This proposal has been developed by members of the Chartered Institute of Public Relations’ (CIPR) Public Affairs Group Committee with experience of the Westminster Register for Consultant Lobbyists and the Scottish Parliament Lobbying Register.
Following the UK’s withdrawal from the European Union, the UK Government and devolved administrations are now responsible for policy areas that previously were debated and decided in Brussels. As a result, there will be an increase in lobbying activity in Westminster,
Edinburgh, Cardiff and Belfast, as those with interests in these areas seek to influence the policy making process.
Public trust in the institutions of government and politics is low, as is understanding about the purpose and process of lobbying. This stems from a lack of transparency in the political process. This paper sets out the CIPR’s position to improve transparency and accountability in the political system in order to rebuild trust.
Lobbying is the act of seeking to inform and influence public policy and legislation. When conducted ethically and transparently, it is a legitimate and important part of the democratic process. It can be carried out by consultants, freelancers or in-house professionals.
In 2015 the UK Government launched the Register for Consultant Lobbyists in an attempt to address the issue surrounding the lack of transparency in lobbying. An organisation is required to join the statutory register if it engages in lobbying activities as defined by the Transparency of Lobbying, non-Party Campaigning and Trade Union Administration Act (2014).
This was a first step in the right direction, but it is now time to go further to build trust and confidence in lobbying and its role in the political process.
The current register only captures limited lobbying activity (oral, written or electronic communications sent personally to a Minister or Permanent Secretary) conducted by consultant lobbyists. Lobbyists working in-house for businesses, charities or other organisations are not required to register.
The CIPR has long taken the view that the register should be expanded to capture all lobbying activity (defined as: oral, written or electronic communications with the objective of influencing, and in relation to Government or Parliamentary functions) regardless of who is undertaking it. It should be a register of lobbying, rather than a register of lobbyists. As a result, the Office of the Registrar of Consultant Lobbyists (ORCL) should be expanded into the Office of the Registrar of Lobbying (ORL) with the Registrar of Consultant Lobbyists becoming the Registrar of Lobbying.
Under this new system, for example, a chief executive of a charity meeting with a Minister about a relevant policy area would be required to register. Constituents would not be required to register on personal interests, but businesses lobbying their local politicians should be captured by the requirement.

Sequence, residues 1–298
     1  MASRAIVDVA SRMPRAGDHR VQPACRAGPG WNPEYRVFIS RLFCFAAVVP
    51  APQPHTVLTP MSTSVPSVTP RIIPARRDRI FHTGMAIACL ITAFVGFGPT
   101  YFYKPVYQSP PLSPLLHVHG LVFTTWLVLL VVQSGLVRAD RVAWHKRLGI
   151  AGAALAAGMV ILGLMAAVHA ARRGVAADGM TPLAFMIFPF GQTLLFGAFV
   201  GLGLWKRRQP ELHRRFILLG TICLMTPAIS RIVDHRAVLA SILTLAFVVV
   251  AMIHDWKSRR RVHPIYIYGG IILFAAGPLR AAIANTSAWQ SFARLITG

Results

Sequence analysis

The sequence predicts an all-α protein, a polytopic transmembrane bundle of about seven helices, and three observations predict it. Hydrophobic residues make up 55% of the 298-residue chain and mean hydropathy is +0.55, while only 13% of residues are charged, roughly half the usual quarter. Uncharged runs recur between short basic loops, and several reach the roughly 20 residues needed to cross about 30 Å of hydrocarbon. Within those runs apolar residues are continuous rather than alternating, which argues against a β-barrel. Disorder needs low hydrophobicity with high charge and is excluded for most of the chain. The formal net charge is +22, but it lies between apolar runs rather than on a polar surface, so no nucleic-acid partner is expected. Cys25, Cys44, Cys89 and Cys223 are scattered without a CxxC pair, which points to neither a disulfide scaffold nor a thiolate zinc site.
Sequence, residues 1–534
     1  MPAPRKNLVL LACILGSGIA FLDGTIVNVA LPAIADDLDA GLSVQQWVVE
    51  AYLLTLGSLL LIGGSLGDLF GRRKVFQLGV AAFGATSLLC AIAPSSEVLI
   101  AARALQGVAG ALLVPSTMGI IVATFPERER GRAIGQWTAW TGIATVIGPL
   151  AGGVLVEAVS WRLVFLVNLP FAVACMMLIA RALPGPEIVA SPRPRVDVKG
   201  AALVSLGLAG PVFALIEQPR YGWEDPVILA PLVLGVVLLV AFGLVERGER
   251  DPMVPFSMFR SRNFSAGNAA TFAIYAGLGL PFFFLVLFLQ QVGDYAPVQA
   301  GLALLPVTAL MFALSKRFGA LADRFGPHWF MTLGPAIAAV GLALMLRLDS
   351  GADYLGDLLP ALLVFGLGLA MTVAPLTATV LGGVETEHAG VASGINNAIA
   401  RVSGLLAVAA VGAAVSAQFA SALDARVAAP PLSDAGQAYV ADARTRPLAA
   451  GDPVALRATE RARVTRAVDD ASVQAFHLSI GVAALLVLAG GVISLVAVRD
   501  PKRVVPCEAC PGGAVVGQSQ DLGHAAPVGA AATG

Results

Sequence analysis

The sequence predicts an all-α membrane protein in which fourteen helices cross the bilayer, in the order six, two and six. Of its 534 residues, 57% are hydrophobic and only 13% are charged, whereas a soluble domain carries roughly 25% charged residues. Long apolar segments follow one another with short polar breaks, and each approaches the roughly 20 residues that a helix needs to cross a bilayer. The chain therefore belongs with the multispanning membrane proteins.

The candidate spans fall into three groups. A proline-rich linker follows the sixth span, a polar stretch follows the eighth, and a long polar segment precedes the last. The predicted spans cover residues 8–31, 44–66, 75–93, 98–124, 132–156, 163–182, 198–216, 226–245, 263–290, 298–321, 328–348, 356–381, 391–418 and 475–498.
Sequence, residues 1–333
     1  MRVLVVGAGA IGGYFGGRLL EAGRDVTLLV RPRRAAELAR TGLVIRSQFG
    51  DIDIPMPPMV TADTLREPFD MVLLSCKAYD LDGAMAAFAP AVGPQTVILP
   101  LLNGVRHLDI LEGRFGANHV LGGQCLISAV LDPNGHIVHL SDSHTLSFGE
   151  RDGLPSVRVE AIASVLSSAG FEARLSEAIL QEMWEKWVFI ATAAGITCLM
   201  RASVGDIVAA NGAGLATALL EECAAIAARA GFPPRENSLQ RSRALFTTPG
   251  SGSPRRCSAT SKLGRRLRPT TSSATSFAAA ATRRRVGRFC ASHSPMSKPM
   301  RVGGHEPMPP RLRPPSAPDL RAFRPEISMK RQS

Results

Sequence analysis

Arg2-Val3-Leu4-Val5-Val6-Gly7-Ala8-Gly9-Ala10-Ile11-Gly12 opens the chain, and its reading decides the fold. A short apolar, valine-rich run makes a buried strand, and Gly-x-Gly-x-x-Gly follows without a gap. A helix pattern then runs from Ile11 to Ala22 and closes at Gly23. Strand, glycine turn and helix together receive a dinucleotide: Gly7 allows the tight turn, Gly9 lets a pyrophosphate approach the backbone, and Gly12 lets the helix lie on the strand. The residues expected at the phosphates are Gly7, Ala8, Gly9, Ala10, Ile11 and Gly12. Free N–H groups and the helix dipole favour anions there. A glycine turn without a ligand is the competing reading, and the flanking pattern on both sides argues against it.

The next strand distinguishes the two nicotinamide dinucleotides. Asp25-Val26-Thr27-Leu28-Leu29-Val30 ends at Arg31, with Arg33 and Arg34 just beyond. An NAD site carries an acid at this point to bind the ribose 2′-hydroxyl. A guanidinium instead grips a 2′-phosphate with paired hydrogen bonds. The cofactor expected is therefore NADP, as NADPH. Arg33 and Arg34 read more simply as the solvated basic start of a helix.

The register of lobbying should be underpinned by a code of conduct, against which all those individuals undertaking lobbying activities can be held to account. The CIPR believes only codes which are administered externally should be allowed, as a matter of public assurance, and these should be linked to an appropriate mechanism for accountability. There must be a clear and transparent process for making and for dealing with any complaints, with appropriate sanctions.
Lobbying is a two-way activity, and those being lobbied also have a responsibility to ensure it is carried out in an ethical and transparent way. Ministers are required to publish their diaries, but publication is often not timely or contains only limited information. We believe those being lobbied should be required to publish their diaries in a timely manner, with meaningful information about what topics were discussed and with whom. Technological/digital solutions should be explored to minimise any administrative burden on the registration of lobbying activity or the publication of diaries.
Those being lobbied must also declare interests on the Parliamentary Register of Interests (or other register as appropriate) and comply with the Nolan Principles on public life.
There should be a review of the length of time between Ministers leaving office and taking up employment as paid lobbyists.
The CIPR is calling for:
- The registering of 1) all lobbying activity (oral, written or electronic communications with the objective of influencing, and in relation to Government or Parliamentary functions), 2) who carries out the lobbying activity, 3) who has been lobbied (Ministers, MPs, Peers, Regional Mayors, Senior Civil Servants, and special advisers)
- The Office of the Registrar of Consultant Lobbyists (ORCL) to be expanded into the Office of the Registrar of Lobbying (ORL). The Registrar of Consultant Lobbyists should become the Registrar of Lobbying.
- Technological/digital solutions should be explored to minimise any administrative burden on the registration of lobbying activity or the publication of diaries.
- A review into the length of time between Ministers leaving office and taking up employment as paid lobbyists.
- Lobbying regulations to be regularly reviewed, at no less than five yearly intervals.
In return CIPR will:
- Redouble efforts to promote transparent and ethical lobbying practice.
- In the short term, invest in the UK Lobbying Register (UKLR) to improve it, make it attractive and seen as standard.
- Form a standing committee to lead and oversee work on lobbying regulation and professional standards, ensuring appropriate representation from in-house, consultant and freelance practitioners from across the four Parliaments/Assembly.
- Support future public affairs professionals through our partnership with I Have A Voice.